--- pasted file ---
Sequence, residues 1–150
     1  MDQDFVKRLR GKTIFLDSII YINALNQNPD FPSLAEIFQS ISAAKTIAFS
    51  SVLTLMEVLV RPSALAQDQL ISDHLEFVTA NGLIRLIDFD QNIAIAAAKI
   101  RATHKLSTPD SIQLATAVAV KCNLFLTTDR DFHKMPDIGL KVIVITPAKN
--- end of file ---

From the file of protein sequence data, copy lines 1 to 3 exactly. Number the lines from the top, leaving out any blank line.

Sequence, residues 1–150
     1  MDQDFVKRLR GKTIFLDSII YINALNQNPD FPSLAEIFQS ISAAKTIAFS
    51  SVLTLMEVLV RPSALAQDQL ISDHLEFVTA NGLIRLIDFD QNIAIAAAKI